Have you noticed any patterns in your choices throughout all of Telltale's games?

As you have played through Telltale's recent titles (and perhaps similar games from other developers) have you noticed any recurrences in the choices you make and the reasonings behind them? Examples are welcome.

As an example:
I have a tendency to choose the silent option in response to characters attempting to make an insightful observation on the PC (I.E. Carver comparing himself to Clem and Snow prying into Bigby's motives) and when talking to characters that I get a bad feeling from (My Bruce has a habit of coldly staring down people who piss him off :lol:)


  • edited February 2018

    How opposed do you happen to be overall to the choice to murder in these games? Regarding the times you have decided to execute a character have there been recurring conditions that you have noticed that seem to be major deciding factors in your choosing to do so? What about when you spare them instead? Pretty dark question I know but I'm curious.

  • I would always try to go with options that are "morally right" whatever that means, such as going against murder theft etc. unless we want to talk about the decisions made around Kenny...

  • I kill a lot of people that I don’t like and choose the most sarcastic options ever.

  • edited February 2018

    I always play as a pacifist and always choose to be diplomatic whenever there's an available option to do so. The only exception was in ANF where I wanted to become Negan 2.0. It didn't work so... With exception of ANF I always played as the good guy. Everytime I play a game where there's dialogue options in it, I make the decisions that represents what I would do in real life. I can honestly say that I learned a lot about myself by playing video games (In some way at least)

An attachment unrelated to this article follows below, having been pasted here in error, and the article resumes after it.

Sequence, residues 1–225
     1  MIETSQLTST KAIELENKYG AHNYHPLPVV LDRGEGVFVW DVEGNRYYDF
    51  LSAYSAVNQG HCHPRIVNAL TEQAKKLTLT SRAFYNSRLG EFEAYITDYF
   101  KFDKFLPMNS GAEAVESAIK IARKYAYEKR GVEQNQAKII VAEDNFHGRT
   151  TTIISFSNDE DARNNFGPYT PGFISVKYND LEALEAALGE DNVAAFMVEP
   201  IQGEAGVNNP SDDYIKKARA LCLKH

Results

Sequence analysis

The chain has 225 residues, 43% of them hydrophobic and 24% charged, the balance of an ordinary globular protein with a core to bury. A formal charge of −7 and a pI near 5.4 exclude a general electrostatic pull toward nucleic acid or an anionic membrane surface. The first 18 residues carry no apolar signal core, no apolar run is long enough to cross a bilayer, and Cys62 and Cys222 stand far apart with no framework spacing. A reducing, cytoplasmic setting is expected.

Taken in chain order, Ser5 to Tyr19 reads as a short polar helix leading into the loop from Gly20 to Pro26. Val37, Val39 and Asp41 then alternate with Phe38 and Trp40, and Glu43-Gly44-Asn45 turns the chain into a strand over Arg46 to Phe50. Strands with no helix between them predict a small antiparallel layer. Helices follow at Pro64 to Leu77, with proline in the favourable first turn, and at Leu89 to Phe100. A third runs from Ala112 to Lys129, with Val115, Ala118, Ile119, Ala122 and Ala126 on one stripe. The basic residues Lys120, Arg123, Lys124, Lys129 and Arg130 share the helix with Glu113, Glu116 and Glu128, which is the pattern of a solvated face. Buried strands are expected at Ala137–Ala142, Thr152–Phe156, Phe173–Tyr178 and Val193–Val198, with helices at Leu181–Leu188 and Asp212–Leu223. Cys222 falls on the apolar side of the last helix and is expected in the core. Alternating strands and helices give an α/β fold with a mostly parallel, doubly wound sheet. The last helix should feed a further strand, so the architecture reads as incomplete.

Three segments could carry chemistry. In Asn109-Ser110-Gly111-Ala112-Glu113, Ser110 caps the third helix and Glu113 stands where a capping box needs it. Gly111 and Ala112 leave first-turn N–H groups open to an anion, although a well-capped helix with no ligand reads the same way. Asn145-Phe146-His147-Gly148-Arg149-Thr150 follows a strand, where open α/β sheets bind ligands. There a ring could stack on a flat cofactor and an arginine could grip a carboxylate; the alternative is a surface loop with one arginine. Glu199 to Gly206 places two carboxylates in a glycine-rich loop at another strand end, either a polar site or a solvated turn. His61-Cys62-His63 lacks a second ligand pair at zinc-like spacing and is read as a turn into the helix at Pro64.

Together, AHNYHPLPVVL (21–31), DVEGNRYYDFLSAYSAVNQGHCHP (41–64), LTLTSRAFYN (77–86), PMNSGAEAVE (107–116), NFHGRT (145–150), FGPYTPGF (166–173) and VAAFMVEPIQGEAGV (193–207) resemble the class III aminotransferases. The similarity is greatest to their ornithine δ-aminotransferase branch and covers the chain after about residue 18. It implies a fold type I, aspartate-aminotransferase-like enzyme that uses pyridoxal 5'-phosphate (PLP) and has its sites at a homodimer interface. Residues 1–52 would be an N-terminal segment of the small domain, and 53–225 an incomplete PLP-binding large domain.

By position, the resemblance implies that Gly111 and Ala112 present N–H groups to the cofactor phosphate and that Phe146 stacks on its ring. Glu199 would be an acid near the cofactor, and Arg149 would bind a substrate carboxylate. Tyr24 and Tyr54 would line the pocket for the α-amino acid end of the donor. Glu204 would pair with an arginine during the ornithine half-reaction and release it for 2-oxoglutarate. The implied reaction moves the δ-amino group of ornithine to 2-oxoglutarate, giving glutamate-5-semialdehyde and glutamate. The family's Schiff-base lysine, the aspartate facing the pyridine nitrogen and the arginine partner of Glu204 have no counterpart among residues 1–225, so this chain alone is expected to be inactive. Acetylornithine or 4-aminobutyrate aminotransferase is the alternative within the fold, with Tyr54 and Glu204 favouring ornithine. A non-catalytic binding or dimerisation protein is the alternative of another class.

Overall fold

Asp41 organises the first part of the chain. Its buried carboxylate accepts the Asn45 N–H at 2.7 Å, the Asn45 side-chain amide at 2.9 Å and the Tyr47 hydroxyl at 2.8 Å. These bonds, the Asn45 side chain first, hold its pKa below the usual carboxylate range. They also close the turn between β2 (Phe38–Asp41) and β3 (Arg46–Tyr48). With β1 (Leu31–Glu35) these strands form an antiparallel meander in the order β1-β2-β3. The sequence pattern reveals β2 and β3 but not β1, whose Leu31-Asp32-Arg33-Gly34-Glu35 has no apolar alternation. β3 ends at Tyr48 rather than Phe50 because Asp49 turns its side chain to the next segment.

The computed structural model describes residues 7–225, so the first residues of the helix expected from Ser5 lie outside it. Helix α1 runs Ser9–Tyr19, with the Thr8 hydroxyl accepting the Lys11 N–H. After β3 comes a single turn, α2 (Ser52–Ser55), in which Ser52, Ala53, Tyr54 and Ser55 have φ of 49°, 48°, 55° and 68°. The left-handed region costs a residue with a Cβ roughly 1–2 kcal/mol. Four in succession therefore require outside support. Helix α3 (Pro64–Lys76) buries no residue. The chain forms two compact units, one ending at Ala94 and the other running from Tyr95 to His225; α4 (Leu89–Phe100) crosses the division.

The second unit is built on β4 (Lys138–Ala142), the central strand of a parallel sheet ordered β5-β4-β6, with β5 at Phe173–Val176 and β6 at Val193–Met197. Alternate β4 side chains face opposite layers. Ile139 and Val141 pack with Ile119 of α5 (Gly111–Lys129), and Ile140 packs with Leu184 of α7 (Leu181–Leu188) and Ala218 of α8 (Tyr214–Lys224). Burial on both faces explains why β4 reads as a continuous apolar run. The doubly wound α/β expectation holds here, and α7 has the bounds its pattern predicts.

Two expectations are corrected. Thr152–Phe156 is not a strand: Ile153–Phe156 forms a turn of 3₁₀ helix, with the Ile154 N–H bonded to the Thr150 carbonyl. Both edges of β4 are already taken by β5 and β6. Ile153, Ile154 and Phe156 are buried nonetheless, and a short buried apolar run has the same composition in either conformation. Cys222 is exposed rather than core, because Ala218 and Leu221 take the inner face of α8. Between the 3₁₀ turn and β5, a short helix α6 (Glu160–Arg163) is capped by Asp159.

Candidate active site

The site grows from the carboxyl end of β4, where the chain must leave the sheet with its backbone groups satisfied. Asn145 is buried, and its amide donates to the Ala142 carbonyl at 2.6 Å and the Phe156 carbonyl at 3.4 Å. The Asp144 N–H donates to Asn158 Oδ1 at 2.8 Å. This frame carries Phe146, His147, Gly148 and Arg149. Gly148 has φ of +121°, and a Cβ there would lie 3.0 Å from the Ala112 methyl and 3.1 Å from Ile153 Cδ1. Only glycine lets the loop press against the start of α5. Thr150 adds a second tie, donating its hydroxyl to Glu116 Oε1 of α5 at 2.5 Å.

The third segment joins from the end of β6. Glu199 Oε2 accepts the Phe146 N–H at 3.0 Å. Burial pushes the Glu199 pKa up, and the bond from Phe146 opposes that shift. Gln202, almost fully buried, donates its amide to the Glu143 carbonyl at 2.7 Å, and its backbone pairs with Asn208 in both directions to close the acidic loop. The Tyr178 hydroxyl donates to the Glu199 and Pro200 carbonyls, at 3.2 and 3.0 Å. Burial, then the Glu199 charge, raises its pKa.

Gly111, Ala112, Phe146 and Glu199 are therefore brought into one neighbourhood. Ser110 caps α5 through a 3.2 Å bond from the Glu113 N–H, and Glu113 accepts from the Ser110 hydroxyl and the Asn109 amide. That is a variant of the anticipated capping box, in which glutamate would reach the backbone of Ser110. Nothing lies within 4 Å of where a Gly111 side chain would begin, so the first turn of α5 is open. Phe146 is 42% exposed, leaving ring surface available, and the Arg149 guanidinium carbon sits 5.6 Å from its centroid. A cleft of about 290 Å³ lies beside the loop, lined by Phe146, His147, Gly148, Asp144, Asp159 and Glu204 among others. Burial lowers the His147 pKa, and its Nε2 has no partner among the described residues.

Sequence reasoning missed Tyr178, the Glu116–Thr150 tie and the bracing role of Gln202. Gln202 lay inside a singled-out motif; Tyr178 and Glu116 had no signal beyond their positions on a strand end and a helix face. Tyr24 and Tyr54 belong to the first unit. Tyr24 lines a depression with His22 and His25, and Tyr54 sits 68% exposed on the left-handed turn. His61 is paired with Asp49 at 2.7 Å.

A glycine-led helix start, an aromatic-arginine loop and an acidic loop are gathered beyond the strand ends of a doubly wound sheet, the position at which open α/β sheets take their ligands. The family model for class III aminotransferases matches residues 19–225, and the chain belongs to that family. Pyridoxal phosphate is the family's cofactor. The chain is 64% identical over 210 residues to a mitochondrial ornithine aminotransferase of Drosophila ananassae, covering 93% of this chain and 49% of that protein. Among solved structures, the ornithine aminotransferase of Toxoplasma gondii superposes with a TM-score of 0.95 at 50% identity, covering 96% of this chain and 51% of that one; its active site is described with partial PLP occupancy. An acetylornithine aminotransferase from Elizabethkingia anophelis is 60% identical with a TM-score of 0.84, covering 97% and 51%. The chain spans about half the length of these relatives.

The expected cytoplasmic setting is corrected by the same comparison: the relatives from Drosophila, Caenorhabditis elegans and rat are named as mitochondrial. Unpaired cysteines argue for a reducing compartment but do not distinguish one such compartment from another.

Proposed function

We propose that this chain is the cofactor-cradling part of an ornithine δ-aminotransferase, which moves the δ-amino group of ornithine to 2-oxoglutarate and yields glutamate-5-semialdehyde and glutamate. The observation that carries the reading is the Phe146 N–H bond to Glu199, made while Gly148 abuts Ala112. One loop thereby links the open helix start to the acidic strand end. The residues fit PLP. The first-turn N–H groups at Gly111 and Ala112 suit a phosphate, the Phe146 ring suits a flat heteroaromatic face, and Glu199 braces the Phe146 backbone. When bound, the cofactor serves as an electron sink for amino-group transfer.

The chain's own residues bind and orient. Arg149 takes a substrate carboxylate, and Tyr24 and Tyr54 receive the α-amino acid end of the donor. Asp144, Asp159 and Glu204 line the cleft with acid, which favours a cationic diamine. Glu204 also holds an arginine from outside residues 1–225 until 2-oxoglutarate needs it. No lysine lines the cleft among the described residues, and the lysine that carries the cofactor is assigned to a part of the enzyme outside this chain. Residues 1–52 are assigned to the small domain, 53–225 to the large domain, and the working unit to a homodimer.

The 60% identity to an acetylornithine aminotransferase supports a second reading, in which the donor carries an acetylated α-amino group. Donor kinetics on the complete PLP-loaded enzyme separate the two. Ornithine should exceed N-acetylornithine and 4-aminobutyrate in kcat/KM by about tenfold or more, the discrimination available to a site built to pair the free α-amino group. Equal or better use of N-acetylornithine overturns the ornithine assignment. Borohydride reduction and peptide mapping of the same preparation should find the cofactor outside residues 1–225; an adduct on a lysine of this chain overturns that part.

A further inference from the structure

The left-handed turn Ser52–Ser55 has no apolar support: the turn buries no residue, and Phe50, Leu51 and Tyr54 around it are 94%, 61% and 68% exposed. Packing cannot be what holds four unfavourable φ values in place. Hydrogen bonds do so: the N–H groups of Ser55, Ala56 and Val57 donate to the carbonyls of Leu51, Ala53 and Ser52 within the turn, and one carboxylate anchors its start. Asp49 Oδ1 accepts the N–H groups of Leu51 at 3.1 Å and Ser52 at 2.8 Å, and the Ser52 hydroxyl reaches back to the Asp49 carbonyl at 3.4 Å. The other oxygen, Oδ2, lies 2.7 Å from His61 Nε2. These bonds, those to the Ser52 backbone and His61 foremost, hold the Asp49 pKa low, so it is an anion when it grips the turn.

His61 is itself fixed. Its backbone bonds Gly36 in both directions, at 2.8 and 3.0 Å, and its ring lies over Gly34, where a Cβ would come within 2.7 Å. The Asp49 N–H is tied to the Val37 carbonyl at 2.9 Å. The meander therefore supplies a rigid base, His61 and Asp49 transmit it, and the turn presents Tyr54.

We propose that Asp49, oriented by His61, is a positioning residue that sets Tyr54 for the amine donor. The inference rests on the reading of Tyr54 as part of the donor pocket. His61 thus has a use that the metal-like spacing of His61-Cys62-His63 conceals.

• I find myself mostly making the morally correct decisions but also trying to keep as many people alive as I can, even if that means doing something that may be a little immoral or potentially idiotic and could bite me in the ass later on, but playing RPGs I always recruited every companion I could so I guess that kind of transfers over when I play narrative games.

  • I usually pick the nicer or more logically correct options, unless one of them looks like it will lead to something funny, in which case I tend to choose that one.

  • What are some conditions that cause you to choose the silent option in these games?

  • Don't like any of the options, or the other characters in the scene are in such a heated discussion with each other that I don't want to interrupt.

    Cocoa2736 posted: »

    What are some conditions that cause you to choose the silent option in these games?

  • After the initial "test" walkthrough, I usually try to go back and design my choices around what I think the character would do.

    • My Lee was a pretty good-natured, logical guy who nevertheless held a lot of suppressed rage that could explode into violence (like it did with the senator). I chose nice dialogue choices mostly, but made some impulsive and/or morally dubious choices under duress (killed the St. John's and the Save-Lots Lady, threatened Larry at the pharmacy, fought Kenny, cut his arm off, etc.)

    • My Bigby pretty much behaved like a stereotypical, anti-hero cop. Talks an ok game about justice and order but is ultimately violent and petty. He's torn between doing right by Fabletown and satisfying his violent Wolf impulses. I chose mostly violent, asshole options and hit people at every chance, but drew the line at burning the tree and terrorizing TJ. Bigby related more to the downtrodden than the upper class and treated the Trip Trap crew ok after episode 1.

    There's more examples, but those are the best ones.

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